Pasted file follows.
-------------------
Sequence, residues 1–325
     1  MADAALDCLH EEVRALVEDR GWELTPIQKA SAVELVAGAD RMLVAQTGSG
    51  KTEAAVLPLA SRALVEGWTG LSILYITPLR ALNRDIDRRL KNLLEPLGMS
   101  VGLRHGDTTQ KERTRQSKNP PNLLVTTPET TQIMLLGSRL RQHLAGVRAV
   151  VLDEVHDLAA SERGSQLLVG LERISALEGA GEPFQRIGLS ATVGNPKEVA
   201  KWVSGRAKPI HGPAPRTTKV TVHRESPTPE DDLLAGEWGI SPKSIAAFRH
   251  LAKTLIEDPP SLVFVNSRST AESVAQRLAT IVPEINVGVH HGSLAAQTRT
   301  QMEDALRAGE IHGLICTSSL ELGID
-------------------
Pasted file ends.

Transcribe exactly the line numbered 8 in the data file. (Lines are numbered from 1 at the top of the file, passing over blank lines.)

   301  QMEDALRAGE IHGLICTSSL ELGID